September 5th, 2016
(written by lawrence krubner, however indented passages are often quotes). You can contact lawrence at: firstname.lastname@example.org
I’m sure I knew this example once, but I’d completely forgotten it, and it is so perfectly obvious when we talk to non-technical people and they ask for an example of what logarithmic growth looks like:
In mathematics, logarithmic growth describes a phenomenon whose size or cost can be described as a logarithm function of some input. e.g. y = C log (x). Note that any logarithm base can be used, since one can be converted to another by multiplying by a fixed constant. Logarithmic growth is the inverse of exponential growth and is very slow.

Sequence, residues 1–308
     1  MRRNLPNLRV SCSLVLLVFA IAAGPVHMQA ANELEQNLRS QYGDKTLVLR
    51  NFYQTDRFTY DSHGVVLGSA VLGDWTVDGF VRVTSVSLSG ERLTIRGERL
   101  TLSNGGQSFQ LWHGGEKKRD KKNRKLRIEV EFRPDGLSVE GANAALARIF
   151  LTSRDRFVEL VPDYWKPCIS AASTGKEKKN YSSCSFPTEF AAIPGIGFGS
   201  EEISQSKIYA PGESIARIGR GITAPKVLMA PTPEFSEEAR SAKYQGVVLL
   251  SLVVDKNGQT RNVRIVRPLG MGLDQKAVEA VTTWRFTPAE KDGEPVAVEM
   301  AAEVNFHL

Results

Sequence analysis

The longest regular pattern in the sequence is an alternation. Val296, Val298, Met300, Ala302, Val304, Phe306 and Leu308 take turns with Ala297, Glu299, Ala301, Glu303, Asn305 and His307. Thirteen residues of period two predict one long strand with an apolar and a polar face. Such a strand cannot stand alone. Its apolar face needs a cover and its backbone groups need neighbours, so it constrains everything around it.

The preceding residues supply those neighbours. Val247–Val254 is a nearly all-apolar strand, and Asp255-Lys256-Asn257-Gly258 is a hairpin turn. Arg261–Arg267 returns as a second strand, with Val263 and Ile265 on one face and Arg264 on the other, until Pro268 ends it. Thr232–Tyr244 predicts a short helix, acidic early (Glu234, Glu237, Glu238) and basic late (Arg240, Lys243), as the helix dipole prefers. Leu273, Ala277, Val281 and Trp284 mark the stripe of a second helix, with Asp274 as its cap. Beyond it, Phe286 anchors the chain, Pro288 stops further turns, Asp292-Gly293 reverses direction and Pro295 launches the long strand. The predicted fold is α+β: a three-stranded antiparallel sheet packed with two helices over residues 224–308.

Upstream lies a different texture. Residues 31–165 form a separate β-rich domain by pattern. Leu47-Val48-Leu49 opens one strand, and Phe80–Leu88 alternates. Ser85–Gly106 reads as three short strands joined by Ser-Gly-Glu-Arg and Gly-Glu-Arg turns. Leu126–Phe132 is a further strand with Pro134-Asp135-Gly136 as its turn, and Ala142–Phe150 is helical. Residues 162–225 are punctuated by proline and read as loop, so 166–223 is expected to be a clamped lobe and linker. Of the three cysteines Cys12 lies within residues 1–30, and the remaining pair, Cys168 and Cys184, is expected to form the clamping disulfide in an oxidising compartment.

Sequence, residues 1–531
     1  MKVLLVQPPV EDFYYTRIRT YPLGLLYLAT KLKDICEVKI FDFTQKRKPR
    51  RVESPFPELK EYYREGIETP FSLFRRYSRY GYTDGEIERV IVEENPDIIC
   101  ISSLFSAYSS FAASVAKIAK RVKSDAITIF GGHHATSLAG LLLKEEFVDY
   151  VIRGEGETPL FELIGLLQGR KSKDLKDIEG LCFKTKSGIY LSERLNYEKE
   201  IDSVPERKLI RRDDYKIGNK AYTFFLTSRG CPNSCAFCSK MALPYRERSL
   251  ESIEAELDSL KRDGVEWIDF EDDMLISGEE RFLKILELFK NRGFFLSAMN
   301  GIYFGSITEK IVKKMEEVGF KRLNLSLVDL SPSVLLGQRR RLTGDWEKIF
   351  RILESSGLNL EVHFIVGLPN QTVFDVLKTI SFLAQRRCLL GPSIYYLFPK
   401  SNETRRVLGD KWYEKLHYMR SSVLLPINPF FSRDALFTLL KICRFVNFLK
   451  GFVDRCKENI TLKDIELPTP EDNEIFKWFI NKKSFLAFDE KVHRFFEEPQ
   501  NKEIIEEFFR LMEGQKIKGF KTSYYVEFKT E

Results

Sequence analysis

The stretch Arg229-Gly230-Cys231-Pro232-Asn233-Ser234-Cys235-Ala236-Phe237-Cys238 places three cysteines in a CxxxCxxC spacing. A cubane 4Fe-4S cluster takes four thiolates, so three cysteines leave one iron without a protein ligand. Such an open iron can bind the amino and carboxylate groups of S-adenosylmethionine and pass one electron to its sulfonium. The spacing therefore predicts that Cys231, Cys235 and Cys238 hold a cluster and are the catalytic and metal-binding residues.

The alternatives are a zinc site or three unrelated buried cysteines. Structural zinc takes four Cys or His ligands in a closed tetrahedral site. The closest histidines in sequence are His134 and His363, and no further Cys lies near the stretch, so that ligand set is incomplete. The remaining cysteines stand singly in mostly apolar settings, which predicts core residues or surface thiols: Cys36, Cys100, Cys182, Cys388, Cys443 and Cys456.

A familiar example of logarithmic growth is the number of digits needed to represent a number, N, in positional notation, which grows as logb (N), where b is the base of the number system used, e.g. 10 for decimal arithmetic